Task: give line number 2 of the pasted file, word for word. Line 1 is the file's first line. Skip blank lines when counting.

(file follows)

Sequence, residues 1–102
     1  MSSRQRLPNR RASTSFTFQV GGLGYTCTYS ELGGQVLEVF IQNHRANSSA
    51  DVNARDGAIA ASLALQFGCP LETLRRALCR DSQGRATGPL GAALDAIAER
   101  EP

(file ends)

     1  MSSRQRLPNR RASTSFTFQV GGLGYTCTYS ELGGQVLEVF IQNHRANSSA